Nadav Maman, CTO, Deep Instinct, points out that in addition to cloud-based vulnerabilities, the use of third-party security companies—like a managed services provider (MSP), managed security service provider, or managed threat detection and response provider. “Ideally, every organization should hire an in house network security team. The reality is most companies need to outsource their cybersecurity efforts.” However, due to their extensive customer base, MSPs are an attractive attack target as attackers can abuse their systems to reach many different organizations in a short period of time. “Attacks against MSPs have escalated within the past several months, with threat actors abusing different MSP providers to spread ransomware. And the increase in attacks abusing MSP software isn’t going unnoticed. So far, reported attacks have all abused MSP tools to drop ransomware, however it is likely the same tools were used to drop other types of malware as well. Several attacks were reported during the past few months and we strongly believe that only a few of them went public,” he warns.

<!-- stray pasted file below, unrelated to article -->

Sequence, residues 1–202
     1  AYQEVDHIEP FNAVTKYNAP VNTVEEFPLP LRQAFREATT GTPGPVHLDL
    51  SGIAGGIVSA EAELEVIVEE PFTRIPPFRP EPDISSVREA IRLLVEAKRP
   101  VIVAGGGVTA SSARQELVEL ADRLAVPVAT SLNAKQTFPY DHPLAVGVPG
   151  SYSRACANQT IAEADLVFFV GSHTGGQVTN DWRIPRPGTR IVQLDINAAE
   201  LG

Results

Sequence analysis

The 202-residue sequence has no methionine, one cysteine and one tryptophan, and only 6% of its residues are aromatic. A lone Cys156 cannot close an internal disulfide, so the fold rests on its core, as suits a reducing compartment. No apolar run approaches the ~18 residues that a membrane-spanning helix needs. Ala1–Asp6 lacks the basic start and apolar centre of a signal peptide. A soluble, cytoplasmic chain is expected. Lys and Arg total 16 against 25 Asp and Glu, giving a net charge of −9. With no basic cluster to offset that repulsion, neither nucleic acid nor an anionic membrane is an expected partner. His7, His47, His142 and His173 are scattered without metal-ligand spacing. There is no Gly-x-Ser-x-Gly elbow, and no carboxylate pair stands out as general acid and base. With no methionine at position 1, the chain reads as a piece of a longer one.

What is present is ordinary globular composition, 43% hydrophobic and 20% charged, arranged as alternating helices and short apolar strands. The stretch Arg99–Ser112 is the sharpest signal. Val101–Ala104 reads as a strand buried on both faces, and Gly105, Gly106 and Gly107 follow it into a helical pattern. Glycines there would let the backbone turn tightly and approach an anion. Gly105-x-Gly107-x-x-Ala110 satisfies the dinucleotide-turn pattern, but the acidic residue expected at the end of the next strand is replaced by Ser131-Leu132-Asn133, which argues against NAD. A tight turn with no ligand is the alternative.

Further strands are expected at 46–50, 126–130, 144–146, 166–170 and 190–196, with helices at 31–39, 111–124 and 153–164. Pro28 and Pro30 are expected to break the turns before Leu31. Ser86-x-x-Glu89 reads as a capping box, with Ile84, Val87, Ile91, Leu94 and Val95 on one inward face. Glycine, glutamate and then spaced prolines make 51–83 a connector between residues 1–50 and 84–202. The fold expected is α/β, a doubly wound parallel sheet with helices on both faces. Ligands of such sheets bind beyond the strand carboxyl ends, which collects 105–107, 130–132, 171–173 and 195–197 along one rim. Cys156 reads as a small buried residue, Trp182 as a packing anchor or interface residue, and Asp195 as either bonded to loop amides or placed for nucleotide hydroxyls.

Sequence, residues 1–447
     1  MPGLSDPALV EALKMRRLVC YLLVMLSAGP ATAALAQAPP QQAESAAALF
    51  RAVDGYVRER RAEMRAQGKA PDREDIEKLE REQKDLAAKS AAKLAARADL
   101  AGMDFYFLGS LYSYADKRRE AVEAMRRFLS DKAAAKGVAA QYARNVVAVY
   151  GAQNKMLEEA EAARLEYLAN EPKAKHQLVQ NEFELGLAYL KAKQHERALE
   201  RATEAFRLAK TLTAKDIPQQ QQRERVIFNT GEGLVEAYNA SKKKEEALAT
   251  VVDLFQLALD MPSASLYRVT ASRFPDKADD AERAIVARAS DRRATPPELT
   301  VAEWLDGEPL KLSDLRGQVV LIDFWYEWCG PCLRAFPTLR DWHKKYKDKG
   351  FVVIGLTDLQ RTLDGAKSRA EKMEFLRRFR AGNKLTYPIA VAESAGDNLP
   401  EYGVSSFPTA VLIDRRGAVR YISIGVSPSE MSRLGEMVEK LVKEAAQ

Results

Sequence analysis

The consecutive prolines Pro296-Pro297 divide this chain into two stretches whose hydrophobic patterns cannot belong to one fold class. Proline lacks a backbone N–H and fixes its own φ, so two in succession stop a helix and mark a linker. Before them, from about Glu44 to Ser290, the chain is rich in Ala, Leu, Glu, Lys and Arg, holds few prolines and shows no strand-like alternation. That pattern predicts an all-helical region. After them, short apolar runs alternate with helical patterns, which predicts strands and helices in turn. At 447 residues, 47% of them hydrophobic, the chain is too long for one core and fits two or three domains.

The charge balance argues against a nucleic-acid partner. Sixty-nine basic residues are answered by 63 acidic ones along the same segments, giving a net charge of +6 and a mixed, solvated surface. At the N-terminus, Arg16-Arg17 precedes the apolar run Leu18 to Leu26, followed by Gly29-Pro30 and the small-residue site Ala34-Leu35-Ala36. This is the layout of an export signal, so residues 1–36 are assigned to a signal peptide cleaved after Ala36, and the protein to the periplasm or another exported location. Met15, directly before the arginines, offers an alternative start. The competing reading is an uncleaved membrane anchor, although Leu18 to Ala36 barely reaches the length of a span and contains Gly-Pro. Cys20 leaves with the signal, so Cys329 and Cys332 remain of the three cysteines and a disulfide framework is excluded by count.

To ensure effective cybersecurity, it is essential to consider how up-to-date your systems are, and how often new users are introduced.
“First, like any enterprise, cyberattackers don’t spend money when they don’t have to. The latest Threat Landscape Report, for example, shows that cybercriminals were more likely to target vulnerabilities from 2007 than they were from 2018/2019—and the same holds true for every year in between. For cyberattackers, there is no reason to develop a new malware tool when organizations seem all too willing to leave the front door unlocked,” says Derek Manky, chief security insights and global threat alliances, Fortinet.